This part of our pain perception, often processed by our limbic system, takes many cues from our environment and our emotional selves. This part of our brain, for example, is more primed for pain if we experience a lot of stress, depression, or fear in our lives. In effect, this is the part of our pain response that controls how much we suffer beyond just knowing that it exists.

Interestingly, this part of the brain can also be harnessed in a positive way: once we understand what the signals are that activate these areas, we can turn them “on” or “off”. What are some of the most important areas that impact our “affective” pain response?

(If these sound like a vocab lesson you’d rather avoid, don’t worry about the name of the brain area - instead, focus on the language that the area speaks):

1. Anterior Cingulate Cortex - this part controls our suffering from pain and the need to “do something” when we feel it. It’s also the part that is disengaged when we give away our healing capacity to our doctors. What helps? Calm acceptance of the sensation as a signal from the body that need not go away 100% to have quality of life.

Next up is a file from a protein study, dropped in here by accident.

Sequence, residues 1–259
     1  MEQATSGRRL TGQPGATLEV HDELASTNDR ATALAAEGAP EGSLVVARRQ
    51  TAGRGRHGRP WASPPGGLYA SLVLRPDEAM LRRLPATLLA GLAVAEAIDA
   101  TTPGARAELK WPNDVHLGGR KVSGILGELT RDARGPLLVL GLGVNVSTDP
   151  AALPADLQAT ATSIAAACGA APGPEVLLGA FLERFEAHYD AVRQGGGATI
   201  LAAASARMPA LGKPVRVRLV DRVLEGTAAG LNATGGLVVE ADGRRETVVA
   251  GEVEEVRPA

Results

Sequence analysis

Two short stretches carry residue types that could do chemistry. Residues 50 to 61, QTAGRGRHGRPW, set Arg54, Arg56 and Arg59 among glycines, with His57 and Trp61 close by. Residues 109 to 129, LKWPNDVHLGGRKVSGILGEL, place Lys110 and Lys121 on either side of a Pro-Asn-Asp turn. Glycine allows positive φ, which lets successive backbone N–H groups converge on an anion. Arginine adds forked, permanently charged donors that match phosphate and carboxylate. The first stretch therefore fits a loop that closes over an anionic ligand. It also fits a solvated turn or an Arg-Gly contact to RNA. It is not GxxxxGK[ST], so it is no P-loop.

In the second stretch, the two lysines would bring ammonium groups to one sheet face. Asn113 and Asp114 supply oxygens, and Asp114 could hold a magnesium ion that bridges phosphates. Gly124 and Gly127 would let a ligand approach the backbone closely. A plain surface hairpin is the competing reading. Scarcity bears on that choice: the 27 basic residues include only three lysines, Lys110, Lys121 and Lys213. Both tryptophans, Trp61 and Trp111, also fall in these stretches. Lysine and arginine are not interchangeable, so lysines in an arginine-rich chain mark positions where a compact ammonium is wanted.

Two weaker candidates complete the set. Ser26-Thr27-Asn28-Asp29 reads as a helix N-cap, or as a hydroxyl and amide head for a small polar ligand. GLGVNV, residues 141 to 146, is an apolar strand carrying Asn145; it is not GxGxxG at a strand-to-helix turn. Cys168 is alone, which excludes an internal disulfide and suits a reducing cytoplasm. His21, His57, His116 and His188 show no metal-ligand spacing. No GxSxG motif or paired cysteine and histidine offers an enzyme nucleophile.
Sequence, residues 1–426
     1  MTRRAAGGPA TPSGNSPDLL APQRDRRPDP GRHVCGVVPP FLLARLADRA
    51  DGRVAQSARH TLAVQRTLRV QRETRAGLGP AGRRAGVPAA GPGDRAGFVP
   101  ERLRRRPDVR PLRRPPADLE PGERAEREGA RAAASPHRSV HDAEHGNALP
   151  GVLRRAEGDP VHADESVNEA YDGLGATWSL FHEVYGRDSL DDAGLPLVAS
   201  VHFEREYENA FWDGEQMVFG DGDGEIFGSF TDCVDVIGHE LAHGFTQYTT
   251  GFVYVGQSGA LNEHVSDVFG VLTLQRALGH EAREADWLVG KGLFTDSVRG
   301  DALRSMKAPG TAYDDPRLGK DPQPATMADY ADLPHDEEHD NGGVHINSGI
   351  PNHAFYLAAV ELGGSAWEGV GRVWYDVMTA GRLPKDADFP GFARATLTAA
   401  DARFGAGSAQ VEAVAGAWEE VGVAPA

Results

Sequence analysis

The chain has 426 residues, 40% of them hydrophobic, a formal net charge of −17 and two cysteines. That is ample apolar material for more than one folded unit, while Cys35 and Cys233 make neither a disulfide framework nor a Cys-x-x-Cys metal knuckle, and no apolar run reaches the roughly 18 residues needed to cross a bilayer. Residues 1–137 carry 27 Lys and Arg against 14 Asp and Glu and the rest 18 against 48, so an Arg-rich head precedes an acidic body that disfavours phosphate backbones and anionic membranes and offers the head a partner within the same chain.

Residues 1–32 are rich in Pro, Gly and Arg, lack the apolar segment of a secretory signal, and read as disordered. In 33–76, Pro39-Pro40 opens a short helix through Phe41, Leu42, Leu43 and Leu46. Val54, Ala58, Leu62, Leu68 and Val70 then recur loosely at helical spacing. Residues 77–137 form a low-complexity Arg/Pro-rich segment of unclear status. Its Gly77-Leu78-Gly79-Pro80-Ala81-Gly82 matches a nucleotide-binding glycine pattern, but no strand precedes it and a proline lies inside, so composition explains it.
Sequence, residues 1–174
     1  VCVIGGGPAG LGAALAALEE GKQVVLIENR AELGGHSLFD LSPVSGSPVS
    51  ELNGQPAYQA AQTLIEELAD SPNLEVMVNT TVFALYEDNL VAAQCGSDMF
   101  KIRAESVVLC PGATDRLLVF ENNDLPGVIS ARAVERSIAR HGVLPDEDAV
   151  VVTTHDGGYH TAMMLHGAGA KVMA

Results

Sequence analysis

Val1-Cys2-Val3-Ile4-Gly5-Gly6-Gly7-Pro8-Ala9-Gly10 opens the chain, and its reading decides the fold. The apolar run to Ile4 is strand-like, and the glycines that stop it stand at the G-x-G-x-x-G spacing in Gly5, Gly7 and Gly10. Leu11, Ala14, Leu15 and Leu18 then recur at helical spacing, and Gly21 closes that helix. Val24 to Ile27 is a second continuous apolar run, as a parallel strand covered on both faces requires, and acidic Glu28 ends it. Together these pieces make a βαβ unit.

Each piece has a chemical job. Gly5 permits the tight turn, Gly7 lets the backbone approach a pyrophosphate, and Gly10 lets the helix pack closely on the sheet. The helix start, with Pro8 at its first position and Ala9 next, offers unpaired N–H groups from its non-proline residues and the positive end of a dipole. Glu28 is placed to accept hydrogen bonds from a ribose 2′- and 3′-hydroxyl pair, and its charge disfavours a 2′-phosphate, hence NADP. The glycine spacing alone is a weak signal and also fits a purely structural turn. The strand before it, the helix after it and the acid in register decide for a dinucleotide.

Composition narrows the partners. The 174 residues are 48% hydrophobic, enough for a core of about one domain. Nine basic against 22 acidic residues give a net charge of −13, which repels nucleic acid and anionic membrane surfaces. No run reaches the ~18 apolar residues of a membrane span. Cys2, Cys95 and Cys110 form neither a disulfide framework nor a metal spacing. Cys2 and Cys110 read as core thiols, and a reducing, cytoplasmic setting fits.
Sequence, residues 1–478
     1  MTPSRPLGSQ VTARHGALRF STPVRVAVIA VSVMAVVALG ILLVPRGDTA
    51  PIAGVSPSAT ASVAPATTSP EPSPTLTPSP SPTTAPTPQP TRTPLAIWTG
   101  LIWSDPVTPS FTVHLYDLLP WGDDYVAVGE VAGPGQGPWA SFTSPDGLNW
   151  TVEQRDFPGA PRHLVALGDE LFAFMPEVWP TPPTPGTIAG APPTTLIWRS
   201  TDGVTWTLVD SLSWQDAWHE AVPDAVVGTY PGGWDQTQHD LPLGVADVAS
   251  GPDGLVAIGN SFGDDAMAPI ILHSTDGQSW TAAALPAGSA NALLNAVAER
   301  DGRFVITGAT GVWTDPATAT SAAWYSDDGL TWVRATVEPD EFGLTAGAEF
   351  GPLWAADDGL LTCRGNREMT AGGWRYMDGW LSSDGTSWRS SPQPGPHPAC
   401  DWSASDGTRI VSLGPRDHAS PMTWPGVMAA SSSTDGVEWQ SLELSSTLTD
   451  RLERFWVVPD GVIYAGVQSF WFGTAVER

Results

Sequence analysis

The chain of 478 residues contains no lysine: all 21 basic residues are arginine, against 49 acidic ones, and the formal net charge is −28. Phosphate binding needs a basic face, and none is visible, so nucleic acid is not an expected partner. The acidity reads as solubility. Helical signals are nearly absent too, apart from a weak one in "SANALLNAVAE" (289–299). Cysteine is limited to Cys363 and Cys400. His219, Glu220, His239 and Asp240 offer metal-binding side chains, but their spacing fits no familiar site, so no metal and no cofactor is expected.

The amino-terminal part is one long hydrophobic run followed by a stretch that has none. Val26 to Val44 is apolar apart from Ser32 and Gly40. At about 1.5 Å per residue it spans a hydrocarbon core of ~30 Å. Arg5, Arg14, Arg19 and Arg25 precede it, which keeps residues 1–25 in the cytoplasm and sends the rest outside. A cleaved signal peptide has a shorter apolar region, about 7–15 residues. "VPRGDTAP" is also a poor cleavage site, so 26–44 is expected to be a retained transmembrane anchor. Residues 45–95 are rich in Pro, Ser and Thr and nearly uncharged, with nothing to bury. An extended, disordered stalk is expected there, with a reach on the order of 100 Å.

2. Anterior Insula - this is like our internal thermostat, guiding us to understand if damage is occurring. What helps? Remembering that we’re “whole” and safe in spite of our pain, and that it isn’t a guarantee that damage is occurring.
3. Prefrontal Cortex - this part gives meaning to our pain and integrates it into our self-concept: “who will I be in the future with this pain?” What helps? Reframing the experience to understand that the experience of pain now does not reliably predict future pain.